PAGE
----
·         Thinking of my children specifically, I’d venture to guess that had the officers asked my children anything about their current living situation, they probably would have gotten some really concerning, straightforward answers.

·         The officers could have talked more with my ex-husband to get a better idea of what he believed was going on in the home his children lived in to see if he may have observed any red flag indicators that this was potentially a trafficking situation.  He would have gladly told the officers any and everything he knew about me in an effort to hurt and control me.

In looking over all these instances, there were over 25 instances of direct contact with law enforcement over my nearly five years of trafficking, and every single one of those instances involved at least two individual officers that I interacted with directly.  I had 25 potential opportunities just with law enforcement to be identified as a trafficking victim, to be offered services, to be given a chance at escape.  That’s over 50 police officers that could have spotted the signs, asked more specific questions, or devoted five more minutes of their shift to establishing trust with me. 

What I see are several common themes in existing law enforcement procedure that could be changed to increase the effectiveness of these points of contact:

1.       Making sure the victim and the abuser are physically separated during domestic disturbance calls.  This can remove some of the intimidation the victim may be feeling and help increase a momentary feeling of safety, which can lead to a more detailed disclosure.

2.       Whenever possible, have the same officer(s) report to the residence when a pattern of behavior is noticed.  This can help with establishing rapport.  Most trafficking victims have been taught (through instruction and experience) to not trust law enforcement as a whole.  Consistent contact with individual officers begins to break down this barrier.

3.       ANY and I mean ANY indicator of commercial sex work – legal or illegal – should be means for additional questions.  A very common misconception is that because I was over the age of 18, prostituting was my choice.  More often than not, women in the “adult entertainment industry” would not be there if they had the viable option to be anywhere else.

4.       It is quite often that there is a basic need that has not been met recently – sleep, food, a hot shower, appropriate clothing.  It doesn’t take much to meet a basic need, and this in turn furthers the rapport an individual officer can develop with a suspected trafficking victim.

5.       Whenever possible, separate suspected victims during questioning, arrest, and in detainment.  This can help with detecting inconsistencies in stories, but it also disables a lot of our group-think mentality that we have been conditioned with.

6.       Let us know what options are out there for us.  Most of us have been programmed to believe that being sex trafficked was our own choice, and we therefore believe we don’t need help.  Most of us also know that there really is little help out there for us, we were often recruited due to vulnerabilities caused by cracks in the existing societal support systems.  Leaving The Game on our own means going back to where we were fighting to escape from to begin with.  As officers, keep advocating for additional services for survivors of sex trafficking, so that you do have resources to refer us to.

7.       Have a jurisdiction-wide response protocol so that when we are able to say, “I want out now,” you know where to take us and how to protect us.  Know that sometimes being able to say, “I want out now” is not going to be the same thing as “I’m ready to implicate my trafficker.”  You should be ready to walk alongside us in our journey to freedom whether it leads to an investigation and arrest of our abuser or not – we trusted you enough to know we could ask you for help, please lead us to places that can.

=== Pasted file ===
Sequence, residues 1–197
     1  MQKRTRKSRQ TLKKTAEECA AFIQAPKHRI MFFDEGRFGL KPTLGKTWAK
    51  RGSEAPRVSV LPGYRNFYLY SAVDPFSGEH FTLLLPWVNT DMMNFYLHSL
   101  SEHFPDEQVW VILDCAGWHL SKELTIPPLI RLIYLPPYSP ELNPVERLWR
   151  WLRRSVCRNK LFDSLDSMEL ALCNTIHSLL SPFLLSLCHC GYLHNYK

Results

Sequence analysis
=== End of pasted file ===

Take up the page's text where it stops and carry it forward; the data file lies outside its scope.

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Awareness

#BeTheKey: Of Additional Interest

This information was gathered from our survey of 300 prostituted women through our social network outreach program.  Every couple days over the month of August, we are adding a new stat from our findings to help you better understand the women we are working with.  Read the whole series right here on the Free Our Girls blog.

After identifying specific categories under which Free Our Girls planned to observe various information shared on social media by the women currently involved in the commercial sex industry, we also observed a number of interesting facts that did not fall into any pre-defined categories, but we found worth acknowledging.

  • 1 survivor of the “Craigslist killer”
  • 1 transgendered
  • 4 openly talk about being recruited under the age of 18
  • 1 military veteran
  • 2 openly talk about having been married and divorced previous to their initial recruitment
  • 1 has just started running an escort service as her way out of performing services herself
  • 1 is a confirmed recovering drug addict, whose pimp was the one who “saved” her and helped her get clean
  • 16 have left the sex industry within the last 3 years, yet remain connected through social media to the life and people they once surrounded themselves with

What can this information tell us about the women vulnerable to commercial sexual exploitation?  That vulnerabilities exist in a wide array of lifestyles and backgrounds.  That oftentimes the abuse and exploitation these women currently experience at the hands of their trafficker is STILL a better life than the one they came from.  And that the psychological conditioning and emotional bonds built with others while a part of this life are not easily broken, even years after walking away from taking an active part in it.